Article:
Intimidation of the judiciary. Trump has repeatedly made statements against judges that undermine the independence of, and public faith in, the judicial branch. At least so far, however, he has not tried to expand the Supreme Court or otherwise pack the courts with loyalists – which would be a very worrying sign indeed, as it would allow him to pack the court with loyalists.
Politicizing the civil service. The Trump White House has asked for names of staff members at the Department of Energy and elsewhere who worked on climate change. He has effectively sidelined some departments, notably the State Department and USAID. And he has attacked and sidelined the intelligence community.
The river of lies. All politicians lie some of the time. Trump and his team take it to a completely different level – truth is meaningless, as Dan Drezner points out. Martha Finnemore and Henry Farrell show it applies to foreign policy, too.
The nepotism. Trump’s son-in-law Jared Kushner holds a formal position in the White House – and lied on his security clearance form. His daughter Ivanka frequently accompanies or represents him at foreign meetings. His sons are nominally outside of government but are constantly involved. All presidents have families, of course, and this country has seen more than one father-and-son presidency duos. But this looks different. The Trump administration seems to hope to further the careers of his children while he is still in office.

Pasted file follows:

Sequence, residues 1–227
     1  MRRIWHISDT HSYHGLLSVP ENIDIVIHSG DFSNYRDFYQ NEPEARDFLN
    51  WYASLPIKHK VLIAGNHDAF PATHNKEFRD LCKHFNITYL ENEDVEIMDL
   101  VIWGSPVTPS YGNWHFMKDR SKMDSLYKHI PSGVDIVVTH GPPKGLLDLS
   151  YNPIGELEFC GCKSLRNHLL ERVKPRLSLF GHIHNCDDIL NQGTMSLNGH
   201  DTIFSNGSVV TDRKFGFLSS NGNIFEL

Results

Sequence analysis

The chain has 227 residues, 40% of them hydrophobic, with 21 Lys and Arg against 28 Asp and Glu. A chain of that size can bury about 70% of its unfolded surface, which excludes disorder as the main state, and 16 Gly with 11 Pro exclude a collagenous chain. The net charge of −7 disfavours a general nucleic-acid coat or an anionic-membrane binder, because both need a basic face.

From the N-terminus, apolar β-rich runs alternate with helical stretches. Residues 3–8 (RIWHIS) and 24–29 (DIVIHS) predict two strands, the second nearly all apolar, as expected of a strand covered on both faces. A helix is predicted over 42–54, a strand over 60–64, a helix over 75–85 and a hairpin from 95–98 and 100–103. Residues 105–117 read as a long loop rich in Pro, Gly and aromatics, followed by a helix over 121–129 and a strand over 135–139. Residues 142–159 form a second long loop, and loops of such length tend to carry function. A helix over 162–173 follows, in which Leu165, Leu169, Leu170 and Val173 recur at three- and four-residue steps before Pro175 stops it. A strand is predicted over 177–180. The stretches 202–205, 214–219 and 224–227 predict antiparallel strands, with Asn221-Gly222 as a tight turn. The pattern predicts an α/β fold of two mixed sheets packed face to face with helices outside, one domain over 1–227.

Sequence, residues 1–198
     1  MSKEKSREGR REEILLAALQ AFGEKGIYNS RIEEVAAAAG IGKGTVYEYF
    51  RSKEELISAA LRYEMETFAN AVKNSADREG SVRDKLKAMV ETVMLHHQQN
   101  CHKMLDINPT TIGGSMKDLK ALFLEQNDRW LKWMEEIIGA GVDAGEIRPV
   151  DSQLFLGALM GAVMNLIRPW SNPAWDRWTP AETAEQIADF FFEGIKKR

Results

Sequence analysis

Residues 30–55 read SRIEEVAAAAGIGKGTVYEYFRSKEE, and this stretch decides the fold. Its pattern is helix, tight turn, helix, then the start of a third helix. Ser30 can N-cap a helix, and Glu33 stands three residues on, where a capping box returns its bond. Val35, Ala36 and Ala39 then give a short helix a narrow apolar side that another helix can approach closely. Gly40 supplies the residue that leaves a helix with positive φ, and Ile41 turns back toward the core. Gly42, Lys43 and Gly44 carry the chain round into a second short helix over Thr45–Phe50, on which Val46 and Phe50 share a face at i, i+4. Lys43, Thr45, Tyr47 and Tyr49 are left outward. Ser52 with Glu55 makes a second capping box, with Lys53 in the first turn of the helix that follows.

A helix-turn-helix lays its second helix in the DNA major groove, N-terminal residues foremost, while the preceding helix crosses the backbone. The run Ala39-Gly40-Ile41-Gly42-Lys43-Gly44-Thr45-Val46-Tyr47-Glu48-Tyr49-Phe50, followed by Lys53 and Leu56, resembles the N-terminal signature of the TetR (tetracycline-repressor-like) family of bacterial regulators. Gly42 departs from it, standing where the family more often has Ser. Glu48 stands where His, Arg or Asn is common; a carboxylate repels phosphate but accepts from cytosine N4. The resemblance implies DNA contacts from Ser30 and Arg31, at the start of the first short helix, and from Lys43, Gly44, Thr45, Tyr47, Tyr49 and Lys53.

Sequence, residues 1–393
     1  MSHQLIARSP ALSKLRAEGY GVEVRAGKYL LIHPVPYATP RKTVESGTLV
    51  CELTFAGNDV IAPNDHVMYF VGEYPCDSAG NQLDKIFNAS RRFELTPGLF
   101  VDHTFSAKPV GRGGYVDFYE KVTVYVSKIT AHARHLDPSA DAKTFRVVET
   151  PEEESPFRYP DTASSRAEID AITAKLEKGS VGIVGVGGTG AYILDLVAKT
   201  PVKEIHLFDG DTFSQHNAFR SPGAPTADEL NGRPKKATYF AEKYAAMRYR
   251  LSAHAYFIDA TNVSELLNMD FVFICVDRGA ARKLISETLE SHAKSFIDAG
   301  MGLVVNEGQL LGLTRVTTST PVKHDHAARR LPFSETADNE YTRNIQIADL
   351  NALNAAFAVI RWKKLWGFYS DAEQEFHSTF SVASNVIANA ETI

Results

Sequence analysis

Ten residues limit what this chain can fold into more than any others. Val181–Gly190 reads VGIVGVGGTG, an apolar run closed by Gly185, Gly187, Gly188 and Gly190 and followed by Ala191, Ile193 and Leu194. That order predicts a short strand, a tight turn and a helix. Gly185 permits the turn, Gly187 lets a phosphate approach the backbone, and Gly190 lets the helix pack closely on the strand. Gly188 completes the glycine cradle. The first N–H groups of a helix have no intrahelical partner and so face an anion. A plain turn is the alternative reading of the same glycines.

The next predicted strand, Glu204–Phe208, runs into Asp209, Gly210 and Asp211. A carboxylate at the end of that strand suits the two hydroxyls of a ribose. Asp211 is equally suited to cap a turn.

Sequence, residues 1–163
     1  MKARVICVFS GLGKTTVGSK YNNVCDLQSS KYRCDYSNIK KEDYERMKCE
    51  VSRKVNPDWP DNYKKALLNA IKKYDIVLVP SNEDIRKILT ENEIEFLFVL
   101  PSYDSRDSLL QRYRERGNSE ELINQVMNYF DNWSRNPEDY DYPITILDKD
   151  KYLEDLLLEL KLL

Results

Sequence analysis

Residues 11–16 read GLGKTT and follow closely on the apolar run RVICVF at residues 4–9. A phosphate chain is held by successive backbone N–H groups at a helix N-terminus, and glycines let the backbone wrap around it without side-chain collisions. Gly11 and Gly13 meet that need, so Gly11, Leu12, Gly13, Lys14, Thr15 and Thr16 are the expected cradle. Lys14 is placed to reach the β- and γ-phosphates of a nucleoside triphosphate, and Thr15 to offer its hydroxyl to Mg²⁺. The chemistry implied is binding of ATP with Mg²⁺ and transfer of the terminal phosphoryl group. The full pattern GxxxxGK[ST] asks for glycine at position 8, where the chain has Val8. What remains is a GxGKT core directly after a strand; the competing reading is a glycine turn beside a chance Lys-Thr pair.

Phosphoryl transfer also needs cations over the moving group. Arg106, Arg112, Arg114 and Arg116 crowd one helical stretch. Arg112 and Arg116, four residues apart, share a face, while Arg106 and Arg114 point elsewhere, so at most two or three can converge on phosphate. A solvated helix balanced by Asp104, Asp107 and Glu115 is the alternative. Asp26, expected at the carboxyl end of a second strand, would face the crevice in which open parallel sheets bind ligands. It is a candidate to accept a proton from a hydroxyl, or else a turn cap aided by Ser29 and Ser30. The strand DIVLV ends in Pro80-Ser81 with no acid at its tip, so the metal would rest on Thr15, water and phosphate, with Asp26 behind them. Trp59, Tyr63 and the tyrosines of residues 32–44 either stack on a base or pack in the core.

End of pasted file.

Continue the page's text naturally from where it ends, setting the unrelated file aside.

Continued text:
Trump has done a lot of damage to basic norms of civility and decency, which is bad even if it does not (directly) hurt democracy. Some examples:
His rampant sexism continues, perhaps most notably in his vicious insults against Mika Brzezinski.
Many of his advisors and ex-advisors, from Steve Bannon to Michael Flynn, are racist, Islamophic, and/or sexist. The whole character of his administration fosters greater divisions and polarization in America.
He has lowered America’s diplomatic standing in the world. He has turned away from traditional allies, particularly in Europe, and embraced authoritarian states like Russia and Saudi Arabia. As Elizabeth Saunders and Jim Goldgeier point out, good diplomacy is boring but hugely important.
Trump’s Cabinet, press secretaries, and other officials are constantly contradicting him or being contradicted by him. Not pretty to watch. Gives the impression that the executive branch is currently a one-man show.
It isn’t good. I’m sure I’ve missed stuff (tell me!). Currently I think the damage Trump’s administration inflicts is more about long-term weakening of institutions, norms, and practices than it is about a short-term risk of dictatorship.
But we won’t really know until we have experienced an emergency, like a major terrorist attack. Government leaders, even democratic ones, tend to grab power during emergencies. The key question is whether the other parts of society can limit the scope and duration of the executive’s grab for power.
Jeff Colgan is the Richard Holbrooke Associate Professor at Brown University, a Bridging the Gap Policy Engagement Fellow, and @JeffDColgan on Twitter. This publication was made possible (in part) by a grant from Carnegie Corporation of New York. The statements made and views expressed are solely the responsibility of the author.
This blog post was cross-posted at Duck of Minerva.